Noncommunicable diseases, such as cancer, anemia, and heart disease, are expected to eclipse infectious diseases as the major cause of mortality in the 21st century. Previously considered a scourge of only industrialized and high-income countries, we now know that the majority of noncommunicable disease-related deaths will occur in low- and middle-income countries, where over 6 billion of the world’s 7.4 billion inhabitants live. Unfortunately, access to high quality screening, prevention, diagnosis, and symptom management remains a “luxury” item, out of reach for the majority of the world’s population. In addition to the moral and ethical imperative to address this global health inequity, there is a strong economic argument for the provision of hematology and oncology care, even in resource-constrained settings. This article will provide a perspective on current challenges in global hematology and oncology, including issues relating to training and retaining expert staff, the need for scalable and sustainable diagnostic approaches, treatment access, and health care infrastructure. Several examples of cost-effective and creative strategies led by groups from academia, nonprofits, governments, and industry will be discussed; these often technology-forward approaches focus on improving awareness, engagement, and action in global hematology and oncology.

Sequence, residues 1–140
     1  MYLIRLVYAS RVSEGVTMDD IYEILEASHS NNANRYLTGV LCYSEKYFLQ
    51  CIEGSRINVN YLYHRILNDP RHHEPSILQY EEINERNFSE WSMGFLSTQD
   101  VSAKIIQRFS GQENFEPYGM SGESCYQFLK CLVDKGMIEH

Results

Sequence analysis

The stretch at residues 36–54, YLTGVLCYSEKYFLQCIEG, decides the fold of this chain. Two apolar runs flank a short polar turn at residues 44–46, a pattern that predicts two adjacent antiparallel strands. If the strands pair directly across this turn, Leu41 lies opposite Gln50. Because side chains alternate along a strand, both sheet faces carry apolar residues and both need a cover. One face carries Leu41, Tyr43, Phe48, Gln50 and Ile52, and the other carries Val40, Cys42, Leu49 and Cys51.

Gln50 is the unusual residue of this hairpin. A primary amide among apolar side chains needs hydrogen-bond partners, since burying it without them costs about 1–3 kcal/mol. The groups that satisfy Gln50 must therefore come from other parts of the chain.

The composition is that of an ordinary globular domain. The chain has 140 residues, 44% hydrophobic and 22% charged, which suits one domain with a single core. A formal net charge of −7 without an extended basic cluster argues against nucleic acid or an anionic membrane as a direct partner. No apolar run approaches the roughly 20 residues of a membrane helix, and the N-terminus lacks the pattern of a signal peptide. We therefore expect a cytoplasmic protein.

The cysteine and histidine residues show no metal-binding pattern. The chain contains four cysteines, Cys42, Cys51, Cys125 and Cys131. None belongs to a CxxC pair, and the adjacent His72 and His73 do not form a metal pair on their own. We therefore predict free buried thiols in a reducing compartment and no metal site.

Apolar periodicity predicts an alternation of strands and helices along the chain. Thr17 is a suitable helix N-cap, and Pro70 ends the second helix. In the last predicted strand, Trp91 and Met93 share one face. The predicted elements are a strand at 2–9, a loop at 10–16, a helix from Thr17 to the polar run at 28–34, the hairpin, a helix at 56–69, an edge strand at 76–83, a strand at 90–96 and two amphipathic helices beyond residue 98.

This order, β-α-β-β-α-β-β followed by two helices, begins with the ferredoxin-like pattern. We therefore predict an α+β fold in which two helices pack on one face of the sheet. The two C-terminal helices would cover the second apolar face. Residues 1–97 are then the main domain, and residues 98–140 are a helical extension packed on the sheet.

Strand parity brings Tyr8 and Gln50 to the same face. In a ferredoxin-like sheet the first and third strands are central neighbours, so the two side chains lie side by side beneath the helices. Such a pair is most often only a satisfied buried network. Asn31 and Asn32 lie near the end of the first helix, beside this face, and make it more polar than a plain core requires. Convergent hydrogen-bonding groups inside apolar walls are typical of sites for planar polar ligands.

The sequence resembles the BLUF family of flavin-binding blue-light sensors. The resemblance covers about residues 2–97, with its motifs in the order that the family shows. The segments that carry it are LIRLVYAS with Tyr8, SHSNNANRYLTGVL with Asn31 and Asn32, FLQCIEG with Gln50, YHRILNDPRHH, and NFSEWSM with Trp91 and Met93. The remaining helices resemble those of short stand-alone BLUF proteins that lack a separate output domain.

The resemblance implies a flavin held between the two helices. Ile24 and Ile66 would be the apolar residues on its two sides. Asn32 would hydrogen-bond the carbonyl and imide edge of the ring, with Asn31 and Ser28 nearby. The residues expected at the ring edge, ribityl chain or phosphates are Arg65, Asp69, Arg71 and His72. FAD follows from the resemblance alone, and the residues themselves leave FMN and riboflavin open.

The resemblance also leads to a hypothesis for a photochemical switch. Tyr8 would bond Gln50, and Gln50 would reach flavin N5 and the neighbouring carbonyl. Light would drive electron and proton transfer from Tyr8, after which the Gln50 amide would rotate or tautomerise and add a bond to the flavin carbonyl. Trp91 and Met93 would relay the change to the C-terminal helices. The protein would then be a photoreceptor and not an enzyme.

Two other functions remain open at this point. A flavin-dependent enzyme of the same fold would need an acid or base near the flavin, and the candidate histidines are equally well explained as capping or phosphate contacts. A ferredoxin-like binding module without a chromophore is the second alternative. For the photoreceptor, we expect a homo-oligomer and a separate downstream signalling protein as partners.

Correspondence: Ami S. Bhatt, Stanford University, 269 Campus Dr, CCSR1155b, Palo Alto, CA 94305; e-mail:.
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Contribution: A.S.B. is the sole author of this article and the speaker in the audio version of this Blood Advances Talk.
Conflict-of-interest disclosure: The author declares no competing financial interests.
- © 2017 by The American Society of Hematology